UNESCO's Convention has now been signed by 182 states ©UNESCO

World Anti-Doping Agency (WADA) President Sir Craig Reedie has hailed international commitment to tackling sporting drugs problems after Djibouti became the fifth nation in the last three months to sign the UNESCO (United Nations Educational, Scientific and Cultural Organisation) International Convention against Doping in Sport.

The African country followed the path set by Kiribati, Honduras, Palestine and the Solomon Islands in recent weeks to mean that 182 states have now ratified the treaty, equating to 98 per cent of the world's population.

It is hoped the remaining 13 countries - Central African Republic, Guinea Bissau, Mauritania, Sao Tome and Principe, Sierra Leone, South Sudan and Tanzania in Africa, as well as Niue in Oceania and Afghanistan, Laos, Lebanon, East Timor and Yemen in Asia - will follow suit soon.

"I am pleased that these four countries have now been joined by Djibouti," said Sir Craig, the Briton who is also a vice-president of the International Olympic Committee (IOC).

"This is a timely announcement, coming just over a week before the start of the 11th All-Africa Games.

"By committing to the Convention, Djibouti is sending the right message to its own athletes, as well as athletes across Africa and the entire world.

“I would like to commend Mr. Badoul Hassan Badoul, the Djibouti Minister of Youth and Sports, who has helped make this happen."

Djibouti became the 183rd nation to sign the UNESCO Convention ©UNESCO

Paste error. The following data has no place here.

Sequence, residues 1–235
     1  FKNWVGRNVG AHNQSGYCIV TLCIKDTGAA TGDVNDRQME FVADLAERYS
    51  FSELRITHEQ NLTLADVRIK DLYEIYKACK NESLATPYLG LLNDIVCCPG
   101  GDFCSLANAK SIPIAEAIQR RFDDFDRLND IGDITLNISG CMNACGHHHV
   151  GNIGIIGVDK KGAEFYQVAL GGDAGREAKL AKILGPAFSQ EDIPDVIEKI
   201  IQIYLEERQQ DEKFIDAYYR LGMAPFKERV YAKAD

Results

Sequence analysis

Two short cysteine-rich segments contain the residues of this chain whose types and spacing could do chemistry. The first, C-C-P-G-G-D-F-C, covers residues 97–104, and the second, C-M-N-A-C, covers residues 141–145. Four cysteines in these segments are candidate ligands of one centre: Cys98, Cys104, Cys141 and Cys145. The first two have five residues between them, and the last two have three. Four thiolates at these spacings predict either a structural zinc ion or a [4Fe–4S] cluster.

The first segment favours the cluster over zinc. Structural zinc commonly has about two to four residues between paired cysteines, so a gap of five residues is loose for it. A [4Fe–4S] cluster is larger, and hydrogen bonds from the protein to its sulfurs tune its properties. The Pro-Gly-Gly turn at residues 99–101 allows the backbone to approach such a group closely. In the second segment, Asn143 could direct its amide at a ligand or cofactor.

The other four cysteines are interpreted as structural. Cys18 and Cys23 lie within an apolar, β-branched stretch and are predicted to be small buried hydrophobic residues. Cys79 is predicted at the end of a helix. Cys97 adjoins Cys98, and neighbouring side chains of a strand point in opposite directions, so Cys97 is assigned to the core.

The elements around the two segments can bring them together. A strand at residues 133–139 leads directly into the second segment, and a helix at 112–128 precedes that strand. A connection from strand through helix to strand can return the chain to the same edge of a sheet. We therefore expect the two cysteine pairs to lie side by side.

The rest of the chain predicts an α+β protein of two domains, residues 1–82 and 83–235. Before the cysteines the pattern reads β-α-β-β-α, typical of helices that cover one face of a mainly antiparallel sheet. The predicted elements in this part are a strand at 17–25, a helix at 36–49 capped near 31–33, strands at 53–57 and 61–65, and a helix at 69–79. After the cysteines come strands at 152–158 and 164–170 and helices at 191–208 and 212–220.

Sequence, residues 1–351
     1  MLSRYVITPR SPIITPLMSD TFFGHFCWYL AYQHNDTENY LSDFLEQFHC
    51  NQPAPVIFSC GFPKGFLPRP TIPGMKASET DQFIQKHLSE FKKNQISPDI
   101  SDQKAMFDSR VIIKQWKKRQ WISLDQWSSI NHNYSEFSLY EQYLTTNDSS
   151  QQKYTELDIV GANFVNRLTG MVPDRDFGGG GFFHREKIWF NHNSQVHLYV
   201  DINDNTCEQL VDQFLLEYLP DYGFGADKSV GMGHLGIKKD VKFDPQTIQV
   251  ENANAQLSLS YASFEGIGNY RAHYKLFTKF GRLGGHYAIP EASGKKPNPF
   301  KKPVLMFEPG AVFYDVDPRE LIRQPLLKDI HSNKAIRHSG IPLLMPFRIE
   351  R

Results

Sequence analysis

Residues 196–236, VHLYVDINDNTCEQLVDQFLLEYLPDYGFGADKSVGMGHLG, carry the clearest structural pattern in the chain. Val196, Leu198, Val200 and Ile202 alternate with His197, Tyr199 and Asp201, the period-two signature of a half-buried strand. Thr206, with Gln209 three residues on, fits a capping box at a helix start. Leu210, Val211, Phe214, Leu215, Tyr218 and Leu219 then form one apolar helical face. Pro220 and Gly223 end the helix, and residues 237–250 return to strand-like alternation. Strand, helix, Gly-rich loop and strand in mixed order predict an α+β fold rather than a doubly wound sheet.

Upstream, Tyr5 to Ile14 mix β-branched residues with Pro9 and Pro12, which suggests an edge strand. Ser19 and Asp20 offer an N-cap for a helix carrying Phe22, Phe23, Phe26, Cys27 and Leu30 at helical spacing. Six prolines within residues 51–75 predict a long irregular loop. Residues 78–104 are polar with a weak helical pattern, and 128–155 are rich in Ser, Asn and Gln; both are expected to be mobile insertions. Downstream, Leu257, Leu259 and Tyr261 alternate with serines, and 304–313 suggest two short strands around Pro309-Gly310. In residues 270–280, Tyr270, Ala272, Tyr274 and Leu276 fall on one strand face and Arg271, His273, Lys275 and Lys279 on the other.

Djibouti became the 183rd nation to sign the UNESCO Convention, following the path set by four other countries in the last three months ©UNESCO

Adopted on October 19, 2005, the International Convention against Doping in Sport is the practical instrument by which Governments formalise their commitment to the fight against doping.

Because the political authorities in many countries cannot be bound by a non-Governmental document such as the World Anti-Doping Code, the Convention allows Governments to align their domestic policies with the Code, thus harmonising the rules governing anti-doping in sport and public legislation.

Under UNESCO standards, the Convention has reportedly set records in terms of the speed with which it was prepared, adopted and ratified.

But this comes at a highly sensitive time following a period of numerous doping allegations and convictions, including the claim in a documentary broadcast by German TV station ARD that up to 99 per cent of Russian athletes are involved in systematic doping.

Turkey and Kenya are among other signatures of the UNESCO Convention to have faced multiple cases in recent years.

In this context, there is a growing feeling in some quarters that criminalising doping could be the way forward, with moves underway to introduce such a measure in Germany and Kenya, although the idea has been strongly rejected by WADA and various other sporting officials.

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